Simple Living Formula (& comments from a Millenial)

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If you, like me, wander too much around the internet in your not-free time, you might have stumbled on the Simple Formula for Living: a meme that attempts to answer many of Life’s Big Problems through the abridged version of bite-size wisdom. There’s no big issue when one can summarize wisdom to one or two lines, but one should know that there are a lot of nuances omitted in the simplification.

Below, I share my inputs for each heading.

“live beneath your means.”

Personal finance enthusiasts harp about this. That it has worked for them is the reason why they recommend this. Once you’ve consistently met every basic need (food, clean water, clothing, shelter, social interaction, and maybe internet connection?), then yes, you should consider living beneath your means.

People below poverty line are already doing that, minus the comfort, plus the fear of hunger, homelessness, and plagues.

Therefore, while “live beneath your means” is a good advice for anyone above the poverty line, it hardly applies to the underprivileged of society who gets by on less than the bare minimum.

“return everything you borrow.”

RIP to all the books lent but were never returned; may the borrower got something useful out of you, and may they continue the tradition of lending you to others without expecting it to return. Start circulating books for free!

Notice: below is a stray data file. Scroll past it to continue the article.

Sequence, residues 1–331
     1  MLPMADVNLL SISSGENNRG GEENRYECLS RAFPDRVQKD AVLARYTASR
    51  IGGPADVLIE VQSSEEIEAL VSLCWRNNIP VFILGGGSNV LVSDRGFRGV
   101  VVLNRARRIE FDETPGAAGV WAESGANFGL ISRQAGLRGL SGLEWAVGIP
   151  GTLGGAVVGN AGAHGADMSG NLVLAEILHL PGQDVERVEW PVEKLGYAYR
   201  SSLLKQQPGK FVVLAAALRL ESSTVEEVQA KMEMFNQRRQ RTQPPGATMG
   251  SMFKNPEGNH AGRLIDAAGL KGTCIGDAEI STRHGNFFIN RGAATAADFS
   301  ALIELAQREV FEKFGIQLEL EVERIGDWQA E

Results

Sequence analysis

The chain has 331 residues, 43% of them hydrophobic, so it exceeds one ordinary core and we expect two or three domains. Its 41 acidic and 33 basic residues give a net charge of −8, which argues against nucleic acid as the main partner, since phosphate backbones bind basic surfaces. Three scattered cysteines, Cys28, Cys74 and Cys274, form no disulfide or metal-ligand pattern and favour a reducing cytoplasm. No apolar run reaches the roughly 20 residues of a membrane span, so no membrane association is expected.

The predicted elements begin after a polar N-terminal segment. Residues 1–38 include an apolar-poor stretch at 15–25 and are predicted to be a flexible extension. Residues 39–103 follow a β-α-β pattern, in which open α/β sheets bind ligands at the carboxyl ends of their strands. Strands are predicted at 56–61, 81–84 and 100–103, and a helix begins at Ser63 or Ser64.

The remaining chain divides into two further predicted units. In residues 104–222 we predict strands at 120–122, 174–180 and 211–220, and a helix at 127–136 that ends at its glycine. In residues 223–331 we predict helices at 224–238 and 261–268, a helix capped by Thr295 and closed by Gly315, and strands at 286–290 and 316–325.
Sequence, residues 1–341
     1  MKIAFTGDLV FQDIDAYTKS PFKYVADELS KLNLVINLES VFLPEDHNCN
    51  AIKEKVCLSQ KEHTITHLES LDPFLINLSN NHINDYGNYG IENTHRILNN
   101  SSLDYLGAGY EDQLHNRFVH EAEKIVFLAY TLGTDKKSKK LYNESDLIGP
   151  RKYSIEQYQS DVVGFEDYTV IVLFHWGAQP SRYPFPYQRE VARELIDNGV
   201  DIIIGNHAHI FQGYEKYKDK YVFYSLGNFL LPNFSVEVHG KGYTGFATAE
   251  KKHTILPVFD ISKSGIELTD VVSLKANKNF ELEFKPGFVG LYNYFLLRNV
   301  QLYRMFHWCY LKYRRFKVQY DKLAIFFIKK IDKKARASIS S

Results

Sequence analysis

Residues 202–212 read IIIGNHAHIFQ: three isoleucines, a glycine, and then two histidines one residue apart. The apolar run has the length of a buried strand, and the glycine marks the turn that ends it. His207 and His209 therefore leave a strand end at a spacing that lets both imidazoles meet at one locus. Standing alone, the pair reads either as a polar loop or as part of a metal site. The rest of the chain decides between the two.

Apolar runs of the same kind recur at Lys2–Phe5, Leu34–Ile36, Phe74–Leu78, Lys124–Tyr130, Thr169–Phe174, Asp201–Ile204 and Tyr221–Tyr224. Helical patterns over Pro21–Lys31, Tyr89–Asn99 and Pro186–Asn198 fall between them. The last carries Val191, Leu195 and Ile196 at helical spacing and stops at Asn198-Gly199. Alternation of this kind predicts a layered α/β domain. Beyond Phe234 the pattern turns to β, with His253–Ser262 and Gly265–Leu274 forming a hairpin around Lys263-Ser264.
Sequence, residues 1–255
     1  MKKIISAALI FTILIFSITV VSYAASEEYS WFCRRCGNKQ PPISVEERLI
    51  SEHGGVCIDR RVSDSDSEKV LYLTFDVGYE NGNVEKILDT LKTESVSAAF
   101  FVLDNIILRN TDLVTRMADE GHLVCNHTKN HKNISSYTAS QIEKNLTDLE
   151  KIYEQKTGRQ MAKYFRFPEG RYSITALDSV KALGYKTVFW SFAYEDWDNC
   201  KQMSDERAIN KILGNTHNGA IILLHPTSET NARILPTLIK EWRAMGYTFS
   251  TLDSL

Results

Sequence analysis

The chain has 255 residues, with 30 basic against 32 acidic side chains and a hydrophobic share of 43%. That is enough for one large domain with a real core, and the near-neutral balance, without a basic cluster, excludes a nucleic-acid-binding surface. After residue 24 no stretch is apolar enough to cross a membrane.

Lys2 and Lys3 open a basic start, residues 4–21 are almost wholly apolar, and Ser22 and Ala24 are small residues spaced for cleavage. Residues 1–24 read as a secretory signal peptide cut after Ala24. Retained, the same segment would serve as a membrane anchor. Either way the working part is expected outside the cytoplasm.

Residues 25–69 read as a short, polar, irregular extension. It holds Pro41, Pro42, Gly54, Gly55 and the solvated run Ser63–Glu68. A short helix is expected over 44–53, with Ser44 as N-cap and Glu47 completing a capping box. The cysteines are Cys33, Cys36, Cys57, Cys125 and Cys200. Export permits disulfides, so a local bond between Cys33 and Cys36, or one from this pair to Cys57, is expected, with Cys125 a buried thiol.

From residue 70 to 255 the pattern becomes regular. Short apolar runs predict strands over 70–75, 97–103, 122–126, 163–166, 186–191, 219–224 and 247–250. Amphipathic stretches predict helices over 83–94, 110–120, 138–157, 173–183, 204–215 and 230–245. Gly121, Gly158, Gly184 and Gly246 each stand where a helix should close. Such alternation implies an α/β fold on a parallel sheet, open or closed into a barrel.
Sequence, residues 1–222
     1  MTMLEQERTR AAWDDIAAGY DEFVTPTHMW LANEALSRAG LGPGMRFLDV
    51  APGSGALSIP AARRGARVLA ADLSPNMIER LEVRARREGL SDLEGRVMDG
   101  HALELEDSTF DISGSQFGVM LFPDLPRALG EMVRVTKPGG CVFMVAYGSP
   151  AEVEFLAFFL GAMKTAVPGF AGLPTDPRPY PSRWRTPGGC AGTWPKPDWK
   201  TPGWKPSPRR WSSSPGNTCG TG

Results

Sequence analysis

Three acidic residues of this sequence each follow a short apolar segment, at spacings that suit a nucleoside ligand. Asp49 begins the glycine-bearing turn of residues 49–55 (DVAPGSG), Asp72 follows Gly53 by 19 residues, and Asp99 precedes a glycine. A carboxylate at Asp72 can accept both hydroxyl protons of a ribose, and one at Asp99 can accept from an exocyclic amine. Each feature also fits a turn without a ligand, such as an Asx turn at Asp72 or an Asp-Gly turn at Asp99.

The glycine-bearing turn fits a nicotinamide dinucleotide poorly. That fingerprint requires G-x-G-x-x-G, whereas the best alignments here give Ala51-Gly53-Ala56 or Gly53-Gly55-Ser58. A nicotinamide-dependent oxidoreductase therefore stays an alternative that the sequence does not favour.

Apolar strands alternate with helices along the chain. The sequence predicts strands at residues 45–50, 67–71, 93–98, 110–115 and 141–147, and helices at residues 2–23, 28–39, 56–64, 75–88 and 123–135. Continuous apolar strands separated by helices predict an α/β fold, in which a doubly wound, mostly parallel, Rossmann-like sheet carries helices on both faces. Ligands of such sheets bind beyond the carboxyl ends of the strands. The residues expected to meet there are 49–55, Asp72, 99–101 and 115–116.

Actually, what if we can start circulating stuff for free?

Imagine now a really, really free market here in the Philippines where every tool you need can be borrowed.

Consider community tool library. One can simply borrow a power tool that one only needs sometimes. Of course, one has to return it so others may borrow it too.

“stop blaming other people.”

And yet it’s hard to do this! We all have our reasons why we blame the Other for whatever bad that’s happening around us.

The grace in it is transcending the need to point fingers. The wisdom is to just start making amends, however small the method, so long as it’s sustainable.

“admit it when you make mistake.”

In admitting, you acknowledge your actions, an important step when making amends with those who might have been harmed or hurt by your mistake.

Unless you’re an elected public servant, you don’t just admit; you repent. And depending on the severity of the scandal, you step down from your position.

“give clothes not worn to charity.”


And once you’ve done that, fight the urge to buy new clothes!